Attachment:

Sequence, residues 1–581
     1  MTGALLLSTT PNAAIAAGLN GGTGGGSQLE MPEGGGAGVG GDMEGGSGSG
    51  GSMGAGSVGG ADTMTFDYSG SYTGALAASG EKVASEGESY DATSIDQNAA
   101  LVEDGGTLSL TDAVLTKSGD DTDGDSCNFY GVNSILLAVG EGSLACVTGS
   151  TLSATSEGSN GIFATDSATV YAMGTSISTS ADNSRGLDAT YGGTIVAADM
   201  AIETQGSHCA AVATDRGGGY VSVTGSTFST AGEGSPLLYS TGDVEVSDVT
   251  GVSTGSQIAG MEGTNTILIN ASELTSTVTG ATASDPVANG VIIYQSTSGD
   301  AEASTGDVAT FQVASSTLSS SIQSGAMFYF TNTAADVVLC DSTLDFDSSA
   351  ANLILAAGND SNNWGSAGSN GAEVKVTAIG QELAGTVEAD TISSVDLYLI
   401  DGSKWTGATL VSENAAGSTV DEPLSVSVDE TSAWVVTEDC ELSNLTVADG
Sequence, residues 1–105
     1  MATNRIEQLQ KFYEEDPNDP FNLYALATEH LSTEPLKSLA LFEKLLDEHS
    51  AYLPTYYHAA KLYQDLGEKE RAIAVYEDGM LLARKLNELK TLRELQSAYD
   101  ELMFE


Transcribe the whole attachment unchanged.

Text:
Sequence, residues 1–581
     1  MTGALLLSTT PNAAIAAGLN GGTGGGSQLE MPEGGGAGVG GDMEGGSGSG
    51  GSMGAGSVGG ADTMTFDYSG SYTGALAASG EKVASEGESY DATSIDQNAA
   101  LVEDGGTLSL TDAVLTKSGD DTDGDSCNFY GVNSILLAVG EGSLACVTGS
   151  TLSATSEGSN GIFATDSATV YAMGTSISTS ADNSRGLDAT YGGTIVAADM
   201  AIETQGSHCA AVATDRGGGY VSVTGSTFST AGEGSPLLYS TGDVEVSDVT
   251  GVSTGSQIAG MEGTNTILIN ASELTSTVTG ATASDPVANG VIIYQSTSGD
   301  AEASTGDVAT FQVASSTLSS SIQSGAMFYF TNTAADVVLC DSTLDFDSSA
   351  ANLILAAGND SNNWGSAGSN GAEVKVTAIG QELAGTVEAD TISSVDLYLI
   401  DGSKWTGATL VSENAAGSTV DEPLSVSVDE TSAWVVTEDC ELSNLTVADG
Sequence, residues 1–105
     1  MATNRIEQLQ KFYEEDPNDP FNLYALATEH LSTEPLKSLA LFEKLLDEHS
    51  AYLPTYYHAA KLYQDLGEKE RAIAVYEDGM LLARKLNELK TLRELQSAYD
   101  ELMFE